Some reports suggest that bullae increase the risk of malignancy (Richardson et al., 1996, Hanaoka et al., 2002, Yoshikawa et al., 2011). This might be explained by the poor ventilation inside the bullae, which may facilitate the build-up of carcinogens, which in turn may cause metaplastic transformation of the epithelial cells in the inner lining (Hanaoka et al., 2002).

It is difficult to definitively diagnose malignancies caused by pulmonary bullae by radiography or tomography tests because bullae do not display typical malignancy characteristics (Lipscomb et al., 2003; Nemanic et al., 2006; Yoshikawa et al., 2011). It has been observed, by radiography, that neoplastic bullae show thick and irregular inner walls (Lamb and Neiger, 2000). Using tomography, another study reported that giant bullae are regions of low attenuation, with destroyed or distorted blood vessels around the hypoattenuated region (Au et al., 2006). However, neither observation can confirm bullae malignancy. Although cavitary lesions can be seen on chest X-rays, due to increased accessibility to computed tomography (CT) in veterinary practice, these cases are often submitted to CT scans to better characterize the lesions. Nonetheless, tomography tests can assess nodal, pleural damage, and identify the presence of small metastatic foci (Park et al., 2016).

In one study, two elderly dogs previously diagnosed with solitary emphysematous bulla showed nonspecific clinical signs. At presentation, lung auscultation was normal. In both cases, thoracic CT showed the transformation of cystic airspace lesions, characterized by progressive increase of the solid component and reduction of the air component. Surgical excision followed by histopathology confirmed lung carcinoma in both cases (Bello et al., 2021).

Pre-operative pathological exams are also challenging, because the procedure to obtain the sample increases the risk of rupturing the bullae (Allison, 1947; Yoshikawa et al., 2011). Histological examination after surgical removal is still the gold standard test for a definitive diagnosis (Polton et al., 2008).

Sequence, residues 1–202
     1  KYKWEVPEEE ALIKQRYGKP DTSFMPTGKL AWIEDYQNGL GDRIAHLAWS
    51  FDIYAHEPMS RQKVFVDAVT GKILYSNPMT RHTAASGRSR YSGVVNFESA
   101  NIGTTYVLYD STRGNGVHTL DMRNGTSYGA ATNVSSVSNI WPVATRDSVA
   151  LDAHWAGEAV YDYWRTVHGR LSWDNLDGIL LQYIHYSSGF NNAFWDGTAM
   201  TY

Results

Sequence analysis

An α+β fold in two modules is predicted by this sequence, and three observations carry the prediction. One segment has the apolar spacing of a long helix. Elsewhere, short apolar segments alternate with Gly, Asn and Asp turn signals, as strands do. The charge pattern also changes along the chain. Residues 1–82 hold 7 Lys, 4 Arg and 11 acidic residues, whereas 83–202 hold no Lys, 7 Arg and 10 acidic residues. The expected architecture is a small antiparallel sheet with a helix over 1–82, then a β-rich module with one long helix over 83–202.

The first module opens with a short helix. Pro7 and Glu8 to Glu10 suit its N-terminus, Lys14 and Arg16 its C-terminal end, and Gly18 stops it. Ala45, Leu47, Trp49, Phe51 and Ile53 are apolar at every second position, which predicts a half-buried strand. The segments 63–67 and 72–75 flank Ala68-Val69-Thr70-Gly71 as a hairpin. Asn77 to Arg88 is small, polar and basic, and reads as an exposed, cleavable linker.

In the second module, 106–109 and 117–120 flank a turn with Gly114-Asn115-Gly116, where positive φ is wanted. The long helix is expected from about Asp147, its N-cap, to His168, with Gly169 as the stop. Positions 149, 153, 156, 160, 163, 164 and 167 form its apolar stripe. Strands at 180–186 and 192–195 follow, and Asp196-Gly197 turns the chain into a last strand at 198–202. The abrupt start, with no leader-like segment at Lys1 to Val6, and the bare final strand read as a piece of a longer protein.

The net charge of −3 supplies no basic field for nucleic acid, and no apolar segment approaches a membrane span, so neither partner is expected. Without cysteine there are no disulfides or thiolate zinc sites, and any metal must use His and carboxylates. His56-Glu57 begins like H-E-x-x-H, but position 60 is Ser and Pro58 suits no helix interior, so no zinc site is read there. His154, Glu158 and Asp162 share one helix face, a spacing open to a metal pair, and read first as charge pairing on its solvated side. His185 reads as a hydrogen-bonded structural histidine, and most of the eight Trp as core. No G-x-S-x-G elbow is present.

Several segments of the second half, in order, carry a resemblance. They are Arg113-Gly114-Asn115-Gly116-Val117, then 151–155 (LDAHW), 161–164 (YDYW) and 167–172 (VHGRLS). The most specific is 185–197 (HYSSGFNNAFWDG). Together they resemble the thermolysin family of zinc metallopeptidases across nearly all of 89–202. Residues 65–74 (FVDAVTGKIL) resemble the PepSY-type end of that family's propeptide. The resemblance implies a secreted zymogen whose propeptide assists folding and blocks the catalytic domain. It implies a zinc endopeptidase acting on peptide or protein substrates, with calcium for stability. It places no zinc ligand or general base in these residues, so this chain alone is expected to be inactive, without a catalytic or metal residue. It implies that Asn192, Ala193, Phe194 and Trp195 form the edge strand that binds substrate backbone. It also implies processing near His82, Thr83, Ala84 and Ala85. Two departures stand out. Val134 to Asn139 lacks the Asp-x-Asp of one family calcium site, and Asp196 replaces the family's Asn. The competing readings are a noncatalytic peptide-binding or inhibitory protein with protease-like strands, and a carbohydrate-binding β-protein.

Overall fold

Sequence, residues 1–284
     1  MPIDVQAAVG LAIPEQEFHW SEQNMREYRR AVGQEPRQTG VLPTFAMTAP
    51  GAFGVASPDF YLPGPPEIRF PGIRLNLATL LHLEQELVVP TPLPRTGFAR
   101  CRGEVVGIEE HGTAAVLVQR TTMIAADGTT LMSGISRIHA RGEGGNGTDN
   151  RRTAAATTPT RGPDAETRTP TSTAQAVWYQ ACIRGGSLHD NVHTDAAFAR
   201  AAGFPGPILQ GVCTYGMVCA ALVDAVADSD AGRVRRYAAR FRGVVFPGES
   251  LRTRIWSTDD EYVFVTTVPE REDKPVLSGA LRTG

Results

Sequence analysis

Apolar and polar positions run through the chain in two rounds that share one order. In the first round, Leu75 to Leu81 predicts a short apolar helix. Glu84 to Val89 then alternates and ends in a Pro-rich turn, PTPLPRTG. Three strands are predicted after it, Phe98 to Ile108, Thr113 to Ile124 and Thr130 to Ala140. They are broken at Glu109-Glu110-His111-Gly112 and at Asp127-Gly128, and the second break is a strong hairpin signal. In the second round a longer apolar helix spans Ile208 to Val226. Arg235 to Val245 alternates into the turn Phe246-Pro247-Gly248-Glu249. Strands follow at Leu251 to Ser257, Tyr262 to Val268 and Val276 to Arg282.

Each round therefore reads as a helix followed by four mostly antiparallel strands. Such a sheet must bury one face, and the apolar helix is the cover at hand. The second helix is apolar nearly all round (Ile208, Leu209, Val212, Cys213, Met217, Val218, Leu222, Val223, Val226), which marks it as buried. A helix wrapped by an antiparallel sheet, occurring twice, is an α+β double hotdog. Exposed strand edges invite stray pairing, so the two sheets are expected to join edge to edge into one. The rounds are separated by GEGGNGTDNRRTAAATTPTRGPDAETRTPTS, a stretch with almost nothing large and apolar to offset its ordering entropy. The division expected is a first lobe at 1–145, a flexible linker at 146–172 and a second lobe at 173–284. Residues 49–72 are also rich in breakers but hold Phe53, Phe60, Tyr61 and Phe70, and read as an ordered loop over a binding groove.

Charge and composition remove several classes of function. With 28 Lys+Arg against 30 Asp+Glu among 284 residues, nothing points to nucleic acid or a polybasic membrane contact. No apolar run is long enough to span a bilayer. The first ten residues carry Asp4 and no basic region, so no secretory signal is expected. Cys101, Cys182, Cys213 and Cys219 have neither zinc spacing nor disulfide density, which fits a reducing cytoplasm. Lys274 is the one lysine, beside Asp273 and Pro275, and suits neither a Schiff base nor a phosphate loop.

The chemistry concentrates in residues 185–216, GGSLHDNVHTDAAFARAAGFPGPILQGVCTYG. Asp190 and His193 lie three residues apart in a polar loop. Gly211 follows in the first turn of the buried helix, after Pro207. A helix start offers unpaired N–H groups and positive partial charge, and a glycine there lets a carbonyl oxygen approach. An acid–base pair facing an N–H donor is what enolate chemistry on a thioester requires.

For giant bullae that occupy more than 30% of the hemithorax, the recommendation is to surgically remove it (Godwin et al., 1980; Klingman et al., 1991; Richardson et al., 1996). Giant bullae increase the risk of complications such as infection, coagulopathy, subcutaneous emphysema, bleeding, and pneumothorax, with subsequent compression of pulmonary lobes, leading to dyspnea (Allison, 1947; Klingman et al., 1991; Bonath 1996; Walsh et al., 1999; Monnet, 2012; Park et al., 2016).

A little over 30% of cases are asymptomatic and are accidentally diagnosed during examination (Rebhun and Culp, 2013). The prognosis of carcinoma associated with bullae and that associated with other factors is the same (Hanaoka, et al., 2002; Yoshikawa et al., 2011).

There have been few reports of pulmonary malignancies associated with giant bullae (Stogdale et al., 1982; Park et al., 2016). A retrospective study evaluated 64 cases of spontaneous pneumothorax in dogs, from which only two cases were malignancies associated with giant bullae (a bronchoalveolar carcinoma and an anaplastic carcinoma) (Puerto et al., 2002). Another report detailed that a 12-year-old Shih Tzu with giant pulmonary bullae, without pneumothorax, was diagnosed with papilliferous bronchoalveolar carcinoma after the bullae were surgically removed (Park et al., 2016).

The goals of this case report were to describe the clinical and tomographic features of a dog with cavitary lung adenocarcinoma and to compare tomographic features with histopathological findings.


Case Details

A 15-year-old mixed breed bitch, castrated, with approximately 14 kg, had sporadic coughing. Approximately 1 month before the appointment, the coughing became more frequent, she was tired easily and intolerant to physical exercise. The bitch was examined in a diagnosis center and a thoracic radiography was performed, in which we observed a large cystic emphysematous area, with thick and irregular walls, located in the left caudal pulmonary lobe (Fig. 1). The lesion measured 8.0 × 7.5 × 3.0 cm and pressed the bronchial branching of the caudal left lobe. We also observed thickening of bronchial walls, compatible with bronchopathy (Fig. 1).